BRISTOL – The issue of erosion management along the waterfront in Norway Bay proved so popular that the meeting on August 11 had to be moved from the Bristol council chambers to the Jack Graham Hall to accommodate the large number of people who attended. The Quebec Environment Ministry requires that steps be taken to control erosion before any more sand can be added to the public beach at Norway Bay or to other access ways along River Road.
Mayor Brent Orr introduced the consultants who have been mandated by Bristol council to study the problem and develop management strategies. The consultants were from the ABV des 7 (Agency of 7 watersheds), a non-profit organization; President, Giorgio Vecco, explained their goal is to improve the water quality of the seven main rivers’ watersheds located on its territory, with an aim towards sustainable development. Accompanying Vecco was environmental engineering researcher, Alyson Furber.
“The purpose of this meeting is to introduce
ourselves. We are just beginning the project, no
decisions have been made. We want to hear your thoughts and ideas,” stated Furber, who went on to explain the numerous causes of erosion and give examples of measures to slow it down or prevent it.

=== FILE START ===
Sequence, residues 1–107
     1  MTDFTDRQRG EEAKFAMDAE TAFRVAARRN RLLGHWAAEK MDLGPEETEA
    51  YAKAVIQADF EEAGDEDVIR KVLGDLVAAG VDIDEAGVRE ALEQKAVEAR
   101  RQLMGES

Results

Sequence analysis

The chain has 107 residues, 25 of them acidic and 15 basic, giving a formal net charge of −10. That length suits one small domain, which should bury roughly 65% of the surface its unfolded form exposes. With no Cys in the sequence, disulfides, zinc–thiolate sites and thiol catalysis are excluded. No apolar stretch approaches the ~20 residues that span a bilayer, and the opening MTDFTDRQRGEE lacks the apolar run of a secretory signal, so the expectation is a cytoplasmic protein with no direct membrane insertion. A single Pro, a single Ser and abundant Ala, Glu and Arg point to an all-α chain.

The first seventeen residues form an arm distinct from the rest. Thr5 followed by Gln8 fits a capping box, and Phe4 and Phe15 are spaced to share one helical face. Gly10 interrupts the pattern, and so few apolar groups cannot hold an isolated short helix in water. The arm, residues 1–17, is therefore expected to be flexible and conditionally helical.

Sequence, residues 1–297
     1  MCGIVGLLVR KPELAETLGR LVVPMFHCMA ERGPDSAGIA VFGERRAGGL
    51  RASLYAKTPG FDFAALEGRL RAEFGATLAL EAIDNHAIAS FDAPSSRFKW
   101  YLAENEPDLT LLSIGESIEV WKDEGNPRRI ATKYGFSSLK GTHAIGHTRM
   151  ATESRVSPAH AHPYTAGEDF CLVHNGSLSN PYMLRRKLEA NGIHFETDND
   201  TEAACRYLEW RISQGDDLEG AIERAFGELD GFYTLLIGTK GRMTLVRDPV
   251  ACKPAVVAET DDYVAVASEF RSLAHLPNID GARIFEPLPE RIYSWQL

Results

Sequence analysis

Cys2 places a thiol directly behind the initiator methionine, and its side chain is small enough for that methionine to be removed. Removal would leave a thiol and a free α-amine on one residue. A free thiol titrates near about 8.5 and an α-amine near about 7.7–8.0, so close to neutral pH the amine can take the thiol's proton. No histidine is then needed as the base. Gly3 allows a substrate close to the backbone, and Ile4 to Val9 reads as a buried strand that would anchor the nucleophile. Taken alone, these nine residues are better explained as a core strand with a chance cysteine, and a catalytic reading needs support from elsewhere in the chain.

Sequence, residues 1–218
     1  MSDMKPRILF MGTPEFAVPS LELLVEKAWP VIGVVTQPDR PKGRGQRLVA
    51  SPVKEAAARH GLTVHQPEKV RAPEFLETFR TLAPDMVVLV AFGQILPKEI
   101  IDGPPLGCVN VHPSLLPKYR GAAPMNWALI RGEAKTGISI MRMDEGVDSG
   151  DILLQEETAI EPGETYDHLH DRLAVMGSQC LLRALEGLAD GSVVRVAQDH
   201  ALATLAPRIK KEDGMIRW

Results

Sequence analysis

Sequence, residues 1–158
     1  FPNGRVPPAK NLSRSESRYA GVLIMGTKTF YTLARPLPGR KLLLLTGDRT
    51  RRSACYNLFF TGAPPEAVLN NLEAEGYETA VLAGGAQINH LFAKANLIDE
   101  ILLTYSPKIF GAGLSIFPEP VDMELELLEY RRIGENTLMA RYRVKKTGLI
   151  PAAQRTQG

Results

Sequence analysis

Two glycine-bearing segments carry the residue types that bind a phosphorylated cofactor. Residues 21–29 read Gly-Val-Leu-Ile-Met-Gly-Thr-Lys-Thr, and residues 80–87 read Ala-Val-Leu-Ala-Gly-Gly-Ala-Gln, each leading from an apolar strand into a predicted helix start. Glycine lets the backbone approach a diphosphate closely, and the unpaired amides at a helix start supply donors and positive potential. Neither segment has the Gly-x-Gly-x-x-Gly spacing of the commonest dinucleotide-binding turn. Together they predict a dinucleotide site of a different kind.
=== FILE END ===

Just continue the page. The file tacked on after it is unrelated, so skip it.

Furber also helped explain why the Environment Ministry opposed continued beach “nourishment” (adding sand) with no erosion
control. “Eroded soil or
sediment is a form of
pollution. Among other things, it darkens the water which affects water
temperature and, in turn the fish and vegetation.”
Both Furber and Vecco emphasized that the goal of the study is to come up with solutions that are viable for the population who use the beach and access ways. While explaining there would be other opportunities for public input during the project, Furber said, “We can’t finish the study without you because you are part of it!”
“You are the social environment,” added Vecco. “Your access to the water is degraded because of the erosion and we are here to find solutions that will work for you and also protect the natural environment”.
Following some initial hostility caused, at least in part, by residents’ frustration about the ticketing of docks, audience reaction was positive and participation was constructive.
“The presentation was very informative. While the timeline to complete the study and the potential
solutions specific to the Bay were not provided, I was still happy to attend to
better understand the study context, scope and objectives. I appreciate that Bristol has undertaken this study in hopes that they will be able to present a viable solution to the Ministry
of Environment,” said Norway Bay resident Barb Arseneault.